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Suits For Interviews
by Michael Taylor(70)
Although men's fashion styles come and go, there is one thing that has held true for many years and probably will continue to for many to come: when attending a job interview, you should wear a suit. Sometimes people ask, "is it okay to combine a suit jacket with different pants?" In my opinion, no, it is not. Your best bet for a job interview is to wear a two-piece suit. Simply put, the two-piece suit creates the positive first impression you want to make by helping you to appear polished, professional, and put together.
Why not three button or four button? Three button may be seen as a little too formal, whereas four button may be viewed as too trendy (it's all in the details). However, depending on the job for which you are interviewing, you may want to appear just a little bit trendy. This may apply in arts-related fields, such as if you are interviewing for a cutting edge graphics design firm. Go with your gut, but at the same time, if you are uncertain, it is best to waiver on the side of conservatism. You want the interviewer to be focused on what you are saying, not distracted by what you are wearing.
When selecting an interview suit, charcoal gray and navy are good colors from which to choose. Earth tones and light colors are generally regarded as too informal, so while there are lots of nice olive gray and brown suits out there, you may want to avoid them for your interview. While black was once seen as very formal, it is now commonly worn by men for many occasions. So if you feel your best in black, you can go for it. Navy or dark blue suits are generally regarded as a favorite to wear to an interview.
Solid color shirts and suits are best for an interview. If you want to wear a suit with a pattern, keep it subtle. A small pinstripe or light plaid pattern is acceptable, as long as it is light, and the suit appears solid colored from across the room.
If you are buying a suit off the rack or getting it altered before your interview, make sure that it fits properly. You'll want proper range of movement in the shoulders in order to allow you to shake hands, and potentially remove items from a portfolio. The suit jacket should fit so that it can be easily buttoned without creating tug marks across the fabric. The suit jacket cuffs should fit so that you have just about of an inch of your shirt sleeves showing when your arms are relaxed at your sides. When you sit down, you will need the bottom of your pants to reveal only a glimpse of your socks, not any bare leg.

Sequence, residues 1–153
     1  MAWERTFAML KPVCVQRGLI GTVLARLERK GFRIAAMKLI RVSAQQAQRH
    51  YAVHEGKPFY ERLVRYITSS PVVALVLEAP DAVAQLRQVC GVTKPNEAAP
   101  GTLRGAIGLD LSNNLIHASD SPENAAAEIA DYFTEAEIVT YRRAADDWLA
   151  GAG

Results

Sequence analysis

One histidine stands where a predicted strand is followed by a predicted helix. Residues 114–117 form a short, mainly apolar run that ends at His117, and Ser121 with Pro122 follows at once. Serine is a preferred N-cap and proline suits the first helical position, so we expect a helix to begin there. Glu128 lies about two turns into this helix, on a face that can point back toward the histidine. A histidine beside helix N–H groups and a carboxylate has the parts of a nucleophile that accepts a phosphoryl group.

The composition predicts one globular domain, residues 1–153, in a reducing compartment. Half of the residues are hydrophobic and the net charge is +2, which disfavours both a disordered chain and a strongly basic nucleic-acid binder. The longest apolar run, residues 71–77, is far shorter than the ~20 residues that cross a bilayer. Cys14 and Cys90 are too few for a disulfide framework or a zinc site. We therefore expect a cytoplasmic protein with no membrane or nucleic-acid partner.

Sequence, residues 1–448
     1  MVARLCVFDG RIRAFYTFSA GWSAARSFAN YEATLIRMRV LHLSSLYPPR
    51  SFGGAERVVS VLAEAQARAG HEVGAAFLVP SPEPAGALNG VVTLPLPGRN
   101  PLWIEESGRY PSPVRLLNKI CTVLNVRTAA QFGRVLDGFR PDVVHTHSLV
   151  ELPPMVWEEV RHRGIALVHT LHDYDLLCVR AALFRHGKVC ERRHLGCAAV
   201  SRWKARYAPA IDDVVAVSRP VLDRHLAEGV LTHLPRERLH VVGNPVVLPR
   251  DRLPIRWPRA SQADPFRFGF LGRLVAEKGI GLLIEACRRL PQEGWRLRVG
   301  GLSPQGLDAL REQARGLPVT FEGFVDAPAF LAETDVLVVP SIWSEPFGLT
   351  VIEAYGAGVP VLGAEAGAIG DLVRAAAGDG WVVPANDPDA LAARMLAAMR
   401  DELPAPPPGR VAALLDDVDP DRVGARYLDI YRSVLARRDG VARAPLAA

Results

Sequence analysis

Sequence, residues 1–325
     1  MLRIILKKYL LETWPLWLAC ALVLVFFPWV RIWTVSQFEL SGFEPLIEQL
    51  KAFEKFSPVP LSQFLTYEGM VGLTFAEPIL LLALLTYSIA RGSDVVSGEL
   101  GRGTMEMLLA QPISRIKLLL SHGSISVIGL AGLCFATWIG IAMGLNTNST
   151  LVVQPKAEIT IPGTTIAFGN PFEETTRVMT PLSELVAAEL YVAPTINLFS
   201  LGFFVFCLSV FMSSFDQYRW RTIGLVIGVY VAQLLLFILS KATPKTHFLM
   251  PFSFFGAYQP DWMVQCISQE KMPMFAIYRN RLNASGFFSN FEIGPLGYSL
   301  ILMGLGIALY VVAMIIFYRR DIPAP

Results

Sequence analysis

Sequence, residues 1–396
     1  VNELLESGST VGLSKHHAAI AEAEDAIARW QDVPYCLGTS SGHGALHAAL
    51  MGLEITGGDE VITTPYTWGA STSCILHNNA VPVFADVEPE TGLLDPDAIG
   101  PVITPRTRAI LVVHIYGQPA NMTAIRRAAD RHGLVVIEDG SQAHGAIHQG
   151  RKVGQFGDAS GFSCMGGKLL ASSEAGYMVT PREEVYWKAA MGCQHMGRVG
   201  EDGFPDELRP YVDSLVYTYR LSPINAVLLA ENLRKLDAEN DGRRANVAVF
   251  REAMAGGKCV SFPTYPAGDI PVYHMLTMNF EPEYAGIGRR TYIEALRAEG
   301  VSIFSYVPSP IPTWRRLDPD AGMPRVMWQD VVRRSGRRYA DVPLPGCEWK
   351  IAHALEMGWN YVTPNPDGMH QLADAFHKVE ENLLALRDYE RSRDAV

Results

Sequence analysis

Now, it's best to remember that few men can wear suits right off the rack. So don't plan to shop the day before the interview and expect to find a suit that fits you like a glove. Allow time for your suit to be tailored so that it fits you perfectly. This is definitely worth the investment-- both in terms of time and money.
We all know that job interviews can be a bit unnerving, so this is another reason to not wait until the last minute to select your suit. The morning before your interview, lay out all the pieces of your interview outfit: suit, shirt, tie, belt, socks and shoes. If your suit is new, make sure that you have removed all tell-tale signs, such as tags and extra buttons. Cut off the zig-zag thread that keep pockets and slits closed (make sure you look at the back of the jacket too). Insure that all of your clothing is clean, pressed and wrinkle-free.
According to Kim Zoller at Image Dynamics, 55% of another person's perception of you is based on how you look. So don't forget, the way you dress for an interview is crucial to making a good first impression and landing the job.
Author: Michael Taylor is a Marketing Manager at TIE SNUG. TIE SNUG eliminates continuous adjusting and makes wearing a tie more comfortable. Being concealed within your tie knot makes it perfect to wear to an interview. A slipping tie knot looks unprofessional, so be confident that you look your best with TIE SNUG. For more information or to make a purchase, please visit http://www.tiesnug.com.
Article submitted Wednesday, September 7, 2011 & read 25 times.
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